Friday, February 19th, 2010


Fresh herbs, dill, coriander, mint, lemon mint, lemon grass lie alongside, smaller trays of galangal and turmeric and ginger – smaller, softer and much more tasty and hot than we get at home.  Next are vegetables; kolrabi, morning glory, carrot, spring onion, tarot, cassava, green beans,  fruits; small sweet oranges, limes, exotic red dragon fruit, pomelos and papaya and mango, which are sold and eaten both sweet and unripe.  There are mounds of tamarind and bunches of arecas, which yields a kind of gum which is mixed with betel leaf and tobacco and chewed.   

In the next aisle are the fish, eels, tiger fish, catfish swimming in aerated bowls and crayfish and shrimps in iced water.  

Chickens are packed together in crates.  Meat is delivered fresh to the market on the hoof.   There are no abattoirs. Pigs are transported trussed up being transported in bamboo cages.     

Vietnam has solved the problem of food transport and storage by picking fruit and vegetables fresh and transporting meat and fish live to the market.  Few have fridges or freezers.  People go to the market every day to buy the food they need for that day.  There are some supermarkets, but these are used by the affluent to buy expensive foreign produce which can be stored.  It’s a completely different concept, but one that is more healthy. 

People buy only the food they need.  They decide the portion size.  There is no inducement to buy and eat food in excess.  People eat a lot of vegetables and fruit, which are cheap and tasty.  There are no additives, fruit does not need to be transported unripe, nd it is eaten before it can degrade.  And because people prepare and cook their own food, they are more in tune with their own needs and engage with their own nutrition.

‘When I got married, we lived in a room seven metres square.  I brought up my family there.  We had owned the whole house.  We were from a noble family, but after the revolution, we had to share our house with seven other families.  I could not run a restaurant then.  The government didn’t allow it.  I could not make any money or grow anything for myself.  Everything had to be shared.  If I killed a chicken, it had to be cut up and shared with everybody.  If I tried to keep it for myself, my neighbours would report me to the police station and I would be in court accused of behaviour against the revolution.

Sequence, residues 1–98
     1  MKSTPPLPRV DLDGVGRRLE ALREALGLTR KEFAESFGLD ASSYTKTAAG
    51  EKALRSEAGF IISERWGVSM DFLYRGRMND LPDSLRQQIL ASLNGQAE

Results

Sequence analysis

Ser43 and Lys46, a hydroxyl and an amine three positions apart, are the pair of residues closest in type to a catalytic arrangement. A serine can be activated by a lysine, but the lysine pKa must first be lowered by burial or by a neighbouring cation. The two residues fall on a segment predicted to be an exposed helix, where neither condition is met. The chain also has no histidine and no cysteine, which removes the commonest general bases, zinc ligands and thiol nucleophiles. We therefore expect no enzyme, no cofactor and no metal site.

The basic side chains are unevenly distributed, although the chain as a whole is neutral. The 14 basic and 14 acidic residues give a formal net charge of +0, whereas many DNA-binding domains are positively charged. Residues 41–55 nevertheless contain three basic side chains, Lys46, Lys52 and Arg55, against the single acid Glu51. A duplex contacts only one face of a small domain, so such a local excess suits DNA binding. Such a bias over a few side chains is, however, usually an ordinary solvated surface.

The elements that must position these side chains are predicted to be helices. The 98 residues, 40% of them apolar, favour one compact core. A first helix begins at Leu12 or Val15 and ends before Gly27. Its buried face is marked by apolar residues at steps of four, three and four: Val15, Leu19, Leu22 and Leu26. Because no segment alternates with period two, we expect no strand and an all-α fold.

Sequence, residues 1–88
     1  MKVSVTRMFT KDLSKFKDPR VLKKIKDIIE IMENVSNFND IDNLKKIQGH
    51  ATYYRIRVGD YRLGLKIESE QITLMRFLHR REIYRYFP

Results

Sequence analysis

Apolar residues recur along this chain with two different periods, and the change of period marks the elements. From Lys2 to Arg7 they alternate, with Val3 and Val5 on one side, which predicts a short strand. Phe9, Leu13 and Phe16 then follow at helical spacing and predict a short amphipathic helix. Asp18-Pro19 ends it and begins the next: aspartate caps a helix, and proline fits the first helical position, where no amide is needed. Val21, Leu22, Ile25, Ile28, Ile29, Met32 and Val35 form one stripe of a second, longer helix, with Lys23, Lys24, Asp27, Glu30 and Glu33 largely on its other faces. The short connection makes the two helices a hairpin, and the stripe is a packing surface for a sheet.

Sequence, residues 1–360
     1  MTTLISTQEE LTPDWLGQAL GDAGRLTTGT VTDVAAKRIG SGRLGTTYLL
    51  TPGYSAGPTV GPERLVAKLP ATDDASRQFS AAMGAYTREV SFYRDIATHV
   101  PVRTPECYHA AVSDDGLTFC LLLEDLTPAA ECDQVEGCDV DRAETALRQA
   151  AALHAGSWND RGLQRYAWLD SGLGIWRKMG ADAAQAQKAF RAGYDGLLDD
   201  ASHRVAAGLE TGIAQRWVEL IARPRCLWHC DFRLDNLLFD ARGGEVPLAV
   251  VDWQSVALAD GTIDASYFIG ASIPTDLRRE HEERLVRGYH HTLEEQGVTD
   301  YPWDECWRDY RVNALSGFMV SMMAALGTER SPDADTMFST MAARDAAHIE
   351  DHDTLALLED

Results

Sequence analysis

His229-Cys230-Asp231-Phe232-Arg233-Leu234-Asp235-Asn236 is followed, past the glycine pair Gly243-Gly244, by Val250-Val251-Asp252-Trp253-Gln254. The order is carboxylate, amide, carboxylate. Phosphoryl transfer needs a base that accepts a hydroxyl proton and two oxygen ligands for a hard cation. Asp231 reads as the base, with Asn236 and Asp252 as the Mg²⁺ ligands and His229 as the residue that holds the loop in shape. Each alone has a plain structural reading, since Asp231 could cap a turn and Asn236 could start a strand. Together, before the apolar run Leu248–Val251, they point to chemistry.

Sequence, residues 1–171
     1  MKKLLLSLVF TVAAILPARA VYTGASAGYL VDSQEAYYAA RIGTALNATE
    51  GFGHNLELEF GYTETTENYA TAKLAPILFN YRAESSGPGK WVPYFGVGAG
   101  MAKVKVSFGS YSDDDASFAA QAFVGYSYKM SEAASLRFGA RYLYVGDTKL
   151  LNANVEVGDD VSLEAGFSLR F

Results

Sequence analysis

Nobody had any money up to 1990.  The government issued everybody coupons and we used these to buy food, clothes and anything else the government thought we needed. We were not allowed to wear anything that was fashionable or any way ostentatious.  We just had to work for the state and our fellow citizens.  That was the communist system.  If we didn’t keep our house and our street clean we would be reported to the authorities.  We could not travel anywhere, we could not own anything for ourselves, we could not even get the ingredients to make our food taste good.  That would be considered selfish. 

Then in 1990 the soviet system collapsed and overnight things changed.  I still remembered the recipes, my grandmother taught me.  I could cook.  I knew how to run a business.  So I opened a restaurant.  It has done well. 

I cook Vietnamese food the old way, mixing the earth food – the spices, garlic, tumeric and ginger (the yang) with the water food like fish (the yin), keeping everything in balance, never having too much of any one ingredient.  We knew nothing about vitamins and minerals then, but we understood which foods had medicinal properties and we knew the importance of a varied mixed diet.  It was in our tradition.’

 

Mme Tuyet’s lunch. 

Fresh ginger tea.

Spring Rolls

       Chop up Kolrabi, onion, carrot, cat’s ear mushroom, wheat (or rice noodles) mix with chopped  up shoulder of pork, add generous pinch of stock and pepper.  Get a circle of rice paper, moisten with egg mixture,  fold in the sides and place a small knub of  the mixture at one end. Roll up – not too tightly, fold in the sides and continue to roll sealing the end with egg.  Deep fry on a gentle heat until golden brown. 

Papaya Salad.

       Chop carrot, green papaya and banana flowers ( rinsed in lime juice to prevent oxidation) into small strips.  Add sugar and rice vinegar, salt, torn leaves of mint, lemon mint and coriander, chopped garlic and chilli.  Add chopped peanuts to garnish.

Steamed fish with five tastes.

      Prepare fillets of snake catfish (or any other fresh water fish), cut into cubes.  Chop turmeric, ginger, and cats ear mushroom, place in a small bowl with salt, black pepper, lime juice and black soya sauce, add a spoon of oil and the cubes of fish.  Tear up dill and place on to the top.  Steam for five minutes.

Green tea prepared with lotus flowers.

 

Then wash hands in a bowl of water with slices of lime and coriander seed heads.   

 

A perfect meal.